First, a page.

Bob boder
Reply to  Scissor
August 25, 2020 10:50 am

Well since most of the virus hitting other parts of the US can from NYers fleeing NY I am guess the strain is the same.

Clyde Spencer
Reply to  rleewinters
August 24, 2020 2:44 pm

You said (without support), “Zinc cannot penetrate the cell wall.” Perhaps you would explain why so many people take zinc supplements, and zinc gluconate is available OTC for the early treatment of colds.

Reply to  Clyde Spencer
August 24, 2020 2:59 pm

There are natural ionophores in foods, e.g., quercetin in apples, onions and other things; EGCG in green teas and other things.

Just because someone takes a zinc supplement doesn’t mean that it’s necessarily doing optimum good. Some forms absorb better than others, and a selenium deficiency can keep Zn+2 bound to it’s serum transport protein (metallothionein, I think it’s called) and not be bio-available.

mario lento
Reply to  icisil
August 24, 2020 3:37 pm

HA I responded much the same, but can see you beat me to it. Same page again! Thank’s icisil

Ian W
Reply to  icisil
August 24, 2020 4:28 pm

Indeed – have one Brazil nut a day to maintain selenium sufficieny

Bob boder
Reply to  Ian W
August 25, 2020 10:51 am

I hate Brazil nuts

Reply to  Ian W
August 27, 2020 4:02 am

Thanks for that; I didn’t know about the Brazil nuts. Naturally, right now they are in a world wide recall, as the crop from Bolivia seems to come with free salmonella.

William Astley
Reply to  icisil
August 24, 2020 5:41 pm

I totally agree the mechanism by which HCQ stops the virus from replicating is it acts a zinc ionosphere and zinc once in our cells makes the ACE-2 connector molecule, slight positive which stops the entire class of viruses replicating.

Obviously our cells would have and have developed using evolution a bioactive chemical that works as the best evolutionary designed zinc ionosphere for our cells to protect them from ACE-2 connecting viruses.

We have zinc in our blood system. It would be unbelievable that our body does not protect using the zinc by developing using evolution a perfect zinc ionophere.

Vit. D enables our cells to access their copy of our DNA. Our cells access the DNA to make micro chemical factories that sit on our cells.

The micro chemical factories, on command of from our cells and stimulus to our cells, produce bioactive chemicals to protect the cells and hence the groups of cells that are our heart, our lungs, our throat, our nerves, and so on.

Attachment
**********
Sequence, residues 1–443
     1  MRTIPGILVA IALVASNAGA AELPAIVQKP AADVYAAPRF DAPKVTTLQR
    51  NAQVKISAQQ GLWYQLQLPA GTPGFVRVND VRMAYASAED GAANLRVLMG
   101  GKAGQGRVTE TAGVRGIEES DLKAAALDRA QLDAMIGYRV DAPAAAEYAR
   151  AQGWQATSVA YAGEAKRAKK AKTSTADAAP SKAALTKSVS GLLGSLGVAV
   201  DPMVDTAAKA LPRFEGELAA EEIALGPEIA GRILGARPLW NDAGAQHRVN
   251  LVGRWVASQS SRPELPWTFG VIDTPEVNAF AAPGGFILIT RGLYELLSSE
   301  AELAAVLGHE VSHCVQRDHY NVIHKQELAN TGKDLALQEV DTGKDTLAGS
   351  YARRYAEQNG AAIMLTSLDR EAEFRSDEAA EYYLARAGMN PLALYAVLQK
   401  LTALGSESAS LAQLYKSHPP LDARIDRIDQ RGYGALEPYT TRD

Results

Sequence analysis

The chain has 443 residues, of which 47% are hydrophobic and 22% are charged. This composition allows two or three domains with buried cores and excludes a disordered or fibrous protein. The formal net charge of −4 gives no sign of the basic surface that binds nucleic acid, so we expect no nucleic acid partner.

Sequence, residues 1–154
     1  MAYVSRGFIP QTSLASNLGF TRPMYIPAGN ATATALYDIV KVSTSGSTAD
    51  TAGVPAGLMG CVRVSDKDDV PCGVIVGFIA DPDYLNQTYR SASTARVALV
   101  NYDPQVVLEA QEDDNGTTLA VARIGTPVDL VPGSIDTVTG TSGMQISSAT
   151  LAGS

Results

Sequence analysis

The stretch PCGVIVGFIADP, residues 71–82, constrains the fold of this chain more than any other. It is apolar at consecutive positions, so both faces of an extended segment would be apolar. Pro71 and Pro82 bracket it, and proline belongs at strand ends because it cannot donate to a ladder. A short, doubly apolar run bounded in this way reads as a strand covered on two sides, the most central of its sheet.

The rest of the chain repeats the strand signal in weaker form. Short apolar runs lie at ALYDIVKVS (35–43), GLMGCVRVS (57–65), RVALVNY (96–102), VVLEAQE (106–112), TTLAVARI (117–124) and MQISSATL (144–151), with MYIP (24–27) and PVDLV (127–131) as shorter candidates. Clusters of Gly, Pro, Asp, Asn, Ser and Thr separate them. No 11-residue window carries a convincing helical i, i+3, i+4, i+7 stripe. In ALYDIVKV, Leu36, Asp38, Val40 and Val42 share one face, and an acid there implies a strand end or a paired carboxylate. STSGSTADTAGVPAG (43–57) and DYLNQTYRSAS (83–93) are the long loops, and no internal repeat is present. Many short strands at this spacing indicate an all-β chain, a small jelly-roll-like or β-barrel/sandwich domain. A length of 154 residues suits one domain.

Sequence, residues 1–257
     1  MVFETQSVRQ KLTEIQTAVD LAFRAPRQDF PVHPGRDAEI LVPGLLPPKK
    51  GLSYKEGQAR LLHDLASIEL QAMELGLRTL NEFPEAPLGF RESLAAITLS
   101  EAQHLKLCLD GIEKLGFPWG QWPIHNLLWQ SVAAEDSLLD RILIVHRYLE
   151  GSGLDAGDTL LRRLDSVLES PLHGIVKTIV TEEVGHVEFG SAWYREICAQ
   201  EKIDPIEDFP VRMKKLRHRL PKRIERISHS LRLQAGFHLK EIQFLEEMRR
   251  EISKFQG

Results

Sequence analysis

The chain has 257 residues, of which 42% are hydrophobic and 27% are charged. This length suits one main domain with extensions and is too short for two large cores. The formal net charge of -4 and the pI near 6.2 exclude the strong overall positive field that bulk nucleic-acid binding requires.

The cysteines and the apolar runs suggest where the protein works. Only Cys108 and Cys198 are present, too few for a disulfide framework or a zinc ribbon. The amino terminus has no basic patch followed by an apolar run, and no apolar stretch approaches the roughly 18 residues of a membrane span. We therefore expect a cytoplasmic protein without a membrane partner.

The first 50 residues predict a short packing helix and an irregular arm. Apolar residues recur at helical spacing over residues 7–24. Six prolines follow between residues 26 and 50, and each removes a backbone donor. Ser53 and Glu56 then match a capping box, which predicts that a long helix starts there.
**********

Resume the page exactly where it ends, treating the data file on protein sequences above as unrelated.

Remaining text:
So in the case of the micro factory that produces our cell’s zinc ionophere, when active free Vit. D is low only a small percentage of our cells get these micro factories and the natural internal zinc ionophere.

If almost all of our cells have our internal cellular zinc ionosphere, the virus cannot replicate.

The percentage of our cells that have the special micro chemical factories, is dependent on the level of Vit. D in our blood stream.

An observational fact, to support the above statement is there is an astonishing multiplication in the number of Covid deaths in Vit. D deficient people

Regardless of sex or age there is a 19 times more ‘chance’ of dying from covid or having damage to organs for those people who have a Vit D level of less than 20 ng/ml as compared to those who have a Vit. D level in their blood (measured) that is greater than 30 ng/ml.

Coronavirus: Black African deaths three times higher than white Britons – study


82% of the US black population, 69% of the US Hispanic, and 42% of the US general population is Vitamin D deficient.

Prevalence and correlates of vitamin D deficiency in US adults.


4000 UI/day of Vitamin D supplements is required to raise the serum 25(OH)D of the entire population above 30 ng/ml.


Patterns of COVID-19 Mortality and Vitamin D: An Indonesian Study

Vitamin D Insufficient Patients 12.55 times more likely to die, blood serum 25(OH)D level from 21 to 29 ng/ml

Vitamin D Deficient Patients 19.12 times more likely to die, Vitamin D blood serum level less than 20 ng/ml

Vitamin D ‘normal’ for this study is 25(0H)D above 30 ng/ml.

For Vitamin D status, cases were classified based on their blood serum of activated Vit. D 25(OH)D levels:

(1) normal – serum 25(OH)D of greater than 30 ng/ml,